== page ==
Over the years, we were happy to see that game companies and designers wanted us to publish reviews of their new games and they sent them in. For us it was no question that these games were put on the table before any other games we wanted to play, in order to bring the review online asap. The more readers we got, the more games we received in this manner and the less we were able to play the games we bought and had on our shelf waiting to be played.

Crowdfunding was an interesting idea, first used by video game designers and independent game publishers, and it is now a chosen platform for boardgame/wargame publishers as well. Wargaming is a niche hobby and many companies are rather small, so this is a good way for them to get the money needed for publishing games people want to play. If everything works out well, it’s a win-win situation for all involved. There’s always a certain risk that a game is not what the players thought it would be, but still it’s a great way to allow smaller companies to stay in business.

That was the reason why we supported Kickstarter campaigns, started by wargame companies, by advertising them on the HFC site, to let people know what is in the works and how they could help to make it happen that a certain game is actually published. Usually, the deal was to get a copy of a game at release, so we were able to see if the game we supported before it was even available, was any good and worth the money. Since we were very restrictive in whom we supported this way, it usually turned out to be a good game, so everything was fine. Except that we had even more games in the pipeline to play and review (we were not forced to review these games, because we got them in exchange for the support of the Kickstarter campaign that made it possible to publish it, but still… we thought we should bring these games on the table before any other games…).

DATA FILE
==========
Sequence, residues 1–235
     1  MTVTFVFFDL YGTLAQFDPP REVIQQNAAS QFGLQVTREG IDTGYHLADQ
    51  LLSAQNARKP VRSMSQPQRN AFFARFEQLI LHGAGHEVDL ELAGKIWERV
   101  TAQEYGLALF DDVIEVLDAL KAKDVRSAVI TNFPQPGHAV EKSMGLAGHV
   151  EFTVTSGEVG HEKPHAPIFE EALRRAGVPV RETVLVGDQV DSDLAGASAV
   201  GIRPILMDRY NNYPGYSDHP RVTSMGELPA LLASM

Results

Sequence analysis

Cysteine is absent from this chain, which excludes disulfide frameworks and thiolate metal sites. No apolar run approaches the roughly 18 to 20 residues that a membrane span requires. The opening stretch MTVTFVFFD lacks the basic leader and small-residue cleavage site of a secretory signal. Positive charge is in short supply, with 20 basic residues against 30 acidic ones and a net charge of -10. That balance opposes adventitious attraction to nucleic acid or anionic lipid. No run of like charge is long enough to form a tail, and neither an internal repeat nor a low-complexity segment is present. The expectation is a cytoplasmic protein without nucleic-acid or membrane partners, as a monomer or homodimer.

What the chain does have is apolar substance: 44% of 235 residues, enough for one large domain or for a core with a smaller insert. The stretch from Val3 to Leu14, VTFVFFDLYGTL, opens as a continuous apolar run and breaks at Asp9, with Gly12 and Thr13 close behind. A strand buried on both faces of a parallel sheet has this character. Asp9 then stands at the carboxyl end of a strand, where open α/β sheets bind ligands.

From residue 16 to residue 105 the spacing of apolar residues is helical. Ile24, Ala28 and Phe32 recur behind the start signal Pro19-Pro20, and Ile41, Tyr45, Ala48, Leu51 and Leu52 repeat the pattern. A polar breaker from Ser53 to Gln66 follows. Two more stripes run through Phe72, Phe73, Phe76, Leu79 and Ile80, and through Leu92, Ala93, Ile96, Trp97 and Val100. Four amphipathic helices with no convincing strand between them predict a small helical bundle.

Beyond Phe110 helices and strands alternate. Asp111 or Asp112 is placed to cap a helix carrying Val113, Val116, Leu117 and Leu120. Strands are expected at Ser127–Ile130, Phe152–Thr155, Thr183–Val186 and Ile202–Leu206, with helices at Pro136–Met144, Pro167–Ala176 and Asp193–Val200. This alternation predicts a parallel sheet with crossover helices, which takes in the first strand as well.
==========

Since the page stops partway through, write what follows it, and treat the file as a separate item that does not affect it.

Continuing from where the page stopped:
Travelling to battlefields and historical sites is also an important part of our hobby

Travelling to battlefields and historical sites is also an important part of our hobby

Today, more and more games are crowdfunded, it seems to have become the norm (at least with the smaller companies and these are the majority in the wargaming hobby), so in order to support these games, more and more announcements had to be written, because a new game was always trying to get crowdfunded, thus eventually landing on your gaming table.

And this is where we are now.

Since we are not satisfied with the current situation, we decided to change our policies for the future. The point is: we don’t want to turn the HFC website into a sort of “advertising blog” – and that’s an impression one might get if more and more of these crowdfunding campaigns are started – if they are from companies we trust, why not help them out with their new game, if we did help them with their last? So, again, a new announcement is online.

In addition to that, we see that Real Life (and two other blogs we run) lately got us under some real pressure, job, family, health problems, i.e. things that need attention before games do, so we got less and less time to play games and write reviews. And when we did, despite our tight time schedule, we thought the games in the “review copy pipeline” should come first. Eventually, we were stuck between all that.